U.S. soldiers in Iraq could face courts-martial for getting pregnant
Washington (CNN) -- A new order from the general in charge of U.S. troops northern Iraq makes getting pregnant or impregnating a fellow soldier an offense punishable by court-martial.
The directive, part of a larger order restricting the behavior of the 22,000 soldiers under Maj. Gen. Anthony Cucolo's command, is meant to prevent losing soldiers at a time when troop strength is stretched thin, Cucolo explained in a statement sent to the troops under his command and provided to CNN.
"I need every soldier I've got, especially since we are facing a drawdown of forces during our mission," Cucolo wrote. "Anyone who leaves this fight earlier than the expected 12-month deployment creates a burden on their teammates. Anyone who leaves this fight early because they made a personal choice that changed their medical status -- or contributes to doing that to another -- is not in keeping with a key element of our ethos."
The rule, enacted November 4, was first reported by Stars and Stripes, a military-focused publication. It prohibits "becoming nondeployable for reasons within the control of the soldier," which include "becoming pregnant, or impregnating a soldier ... resulting in the redeployment of the pregnant soldier."
Pregnancy that arises from sexual assault would not be punished, Cucolo said.
The directive applies to all military and civilians serving under Cucolo in northern Iraq, an area that includes Balad, Kirkuk, Tikrit, Mosul and Samarra, according to the Web site of Multi-National Force Iraq.
Of the 22,000 people under Cucolo's command, 1,682 are women.
Cucolo will decide what cases will be pursued.
"I am the only individual who passes judgment on these cases. I decide every case based on the unique facts of each soldier's situation," Cucolo wrote in his explanation of the new rules.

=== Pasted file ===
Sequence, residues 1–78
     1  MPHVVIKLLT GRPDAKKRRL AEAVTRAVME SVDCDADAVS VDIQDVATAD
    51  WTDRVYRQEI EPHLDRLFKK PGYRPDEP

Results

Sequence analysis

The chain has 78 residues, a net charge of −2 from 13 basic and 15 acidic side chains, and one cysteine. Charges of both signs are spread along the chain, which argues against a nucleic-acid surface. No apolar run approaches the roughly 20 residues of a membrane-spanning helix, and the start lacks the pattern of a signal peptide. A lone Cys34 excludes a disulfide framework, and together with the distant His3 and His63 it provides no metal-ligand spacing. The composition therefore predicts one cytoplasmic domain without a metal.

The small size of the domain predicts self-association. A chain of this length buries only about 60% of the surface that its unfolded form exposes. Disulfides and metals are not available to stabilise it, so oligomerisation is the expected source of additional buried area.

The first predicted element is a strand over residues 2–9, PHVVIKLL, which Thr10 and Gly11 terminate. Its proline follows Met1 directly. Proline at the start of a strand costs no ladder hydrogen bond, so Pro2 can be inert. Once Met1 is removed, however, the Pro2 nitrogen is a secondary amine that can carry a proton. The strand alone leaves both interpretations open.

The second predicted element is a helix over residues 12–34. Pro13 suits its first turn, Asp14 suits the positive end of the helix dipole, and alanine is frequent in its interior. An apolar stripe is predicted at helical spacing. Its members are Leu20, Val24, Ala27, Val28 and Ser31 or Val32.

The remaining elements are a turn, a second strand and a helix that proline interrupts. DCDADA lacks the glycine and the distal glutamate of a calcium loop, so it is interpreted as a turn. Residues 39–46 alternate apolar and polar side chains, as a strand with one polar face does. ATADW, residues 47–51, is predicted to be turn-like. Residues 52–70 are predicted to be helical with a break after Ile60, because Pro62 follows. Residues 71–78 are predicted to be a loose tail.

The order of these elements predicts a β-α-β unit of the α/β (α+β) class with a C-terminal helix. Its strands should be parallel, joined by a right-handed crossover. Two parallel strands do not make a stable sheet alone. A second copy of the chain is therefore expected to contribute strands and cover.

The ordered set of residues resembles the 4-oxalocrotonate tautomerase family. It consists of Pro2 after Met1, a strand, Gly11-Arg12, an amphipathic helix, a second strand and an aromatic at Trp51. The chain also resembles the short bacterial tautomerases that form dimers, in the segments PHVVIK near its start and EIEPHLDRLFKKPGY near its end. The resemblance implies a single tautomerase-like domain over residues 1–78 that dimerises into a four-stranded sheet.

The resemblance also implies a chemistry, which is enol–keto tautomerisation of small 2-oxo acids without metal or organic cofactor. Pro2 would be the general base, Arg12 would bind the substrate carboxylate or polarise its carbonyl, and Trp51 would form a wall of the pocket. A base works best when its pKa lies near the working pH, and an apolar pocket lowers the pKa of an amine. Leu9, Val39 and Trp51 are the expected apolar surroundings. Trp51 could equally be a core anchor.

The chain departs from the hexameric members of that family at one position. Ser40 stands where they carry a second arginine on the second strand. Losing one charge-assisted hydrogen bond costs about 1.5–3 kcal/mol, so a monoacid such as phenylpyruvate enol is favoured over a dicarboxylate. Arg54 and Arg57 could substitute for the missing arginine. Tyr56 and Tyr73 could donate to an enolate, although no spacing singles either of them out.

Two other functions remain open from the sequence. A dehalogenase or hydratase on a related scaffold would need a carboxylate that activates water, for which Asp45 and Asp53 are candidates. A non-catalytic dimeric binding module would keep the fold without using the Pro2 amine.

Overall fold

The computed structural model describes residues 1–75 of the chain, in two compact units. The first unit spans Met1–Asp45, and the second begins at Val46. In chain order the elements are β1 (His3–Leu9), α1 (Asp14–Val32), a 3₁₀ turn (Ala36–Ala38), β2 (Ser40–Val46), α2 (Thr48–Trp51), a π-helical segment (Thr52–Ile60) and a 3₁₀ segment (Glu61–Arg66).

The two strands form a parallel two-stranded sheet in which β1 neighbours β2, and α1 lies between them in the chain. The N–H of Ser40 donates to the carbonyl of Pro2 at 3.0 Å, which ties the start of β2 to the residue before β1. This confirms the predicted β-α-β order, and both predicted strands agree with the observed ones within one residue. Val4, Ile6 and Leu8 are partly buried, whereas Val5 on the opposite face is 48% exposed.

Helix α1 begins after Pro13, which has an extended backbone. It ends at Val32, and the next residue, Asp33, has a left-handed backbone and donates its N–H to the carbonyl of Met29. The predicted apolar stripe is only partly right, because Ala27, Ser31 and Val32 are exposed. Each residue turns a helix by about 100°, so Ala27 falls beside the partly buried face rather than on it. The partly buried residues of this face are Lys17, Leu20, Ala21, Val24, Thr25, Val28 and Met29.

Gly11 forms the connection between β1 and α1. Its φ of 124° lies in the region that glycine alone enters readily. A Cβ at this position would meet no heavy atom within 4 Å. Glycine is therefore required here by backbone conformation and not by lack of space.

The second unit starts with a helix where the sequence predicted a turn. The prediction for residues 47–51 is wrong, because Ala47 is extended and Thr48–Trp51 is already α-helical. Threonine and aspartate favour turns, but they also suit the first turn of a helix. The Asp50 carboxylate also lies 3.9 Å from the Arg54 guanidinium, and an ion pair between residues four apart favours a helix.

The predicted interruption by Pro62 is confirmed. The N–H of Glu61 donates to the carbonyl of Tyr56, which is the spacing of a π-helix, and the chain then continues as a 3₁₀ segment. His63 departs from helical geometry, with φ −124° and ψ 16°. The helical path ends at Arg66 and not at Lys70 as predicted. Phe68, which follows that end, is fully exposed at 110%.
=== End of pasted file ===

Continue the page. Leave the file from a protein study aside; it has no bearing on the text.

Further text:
Cucolo said he considers his female soldiers "invaluable" and he wants to ensure they fulfill their deployments.
"I am responsible and accountable for the fighting ability of this outfit. I am going to do everything I can to keep my combat power -- and in the Army, combat power is the individual soldier," his statement said. "To this end, I made an existing policy stricter. I wanted to encourage my soldiers to think before they acted, and understand their behavior and actions have consequences -- all of their behavior."
In an e-mail to CNN, Cucolo stressed the rule "is just a small part of a general policy on behavior and actions," and is "lawful."
The memo outlines a long list of behaviors that are prohibited, from gambling and using drugs to behaviors that would offend Iraqis, such as entering a mosque or religious site unless "required by military necessity."
While the rules may seem unusual to some, they are not out of line with how the military regulates behavior to a much stricter degree than the general public is used to, said Eugene Fidell, who teaches military law at Yale University.
"Questions of personal autonomy play out differently in the military," Fidell said.
He said the purpose of the rule is mostly to have a "chilling effect" on behavior, but he doubts it would ever be fully prosecuted. If it were, however, it appears to be legal, he said.
"If push came to shove and there was prosecution, I think the rule would be upheld as a reasonable balance of the competing interests," he said.
It is not without precedent, Fidell said. During the Vietnam War, a female troop would be discharged for getting pregnant. That rule was challenged, but the government did not want to defend it at the time.
According to the explanation of the policy that was sent to all those affected, only a few cases have been considered for punishment under the new rules. Four soldiers have gotten pregnant since Cucolo took over command of northern Iraq operations at the beginning of November, he told CNN in an e-mail. Of the eight soldiers involved, none were court-martialed. Instead, all received a written reprimand, Cucolo said.
In one case, a male soldier received the "most severe punishment," according to the explanation sent to those serving in northern Iraq. Cucolo does not give any other details about the case except to say the soldier "committed adultery as well."
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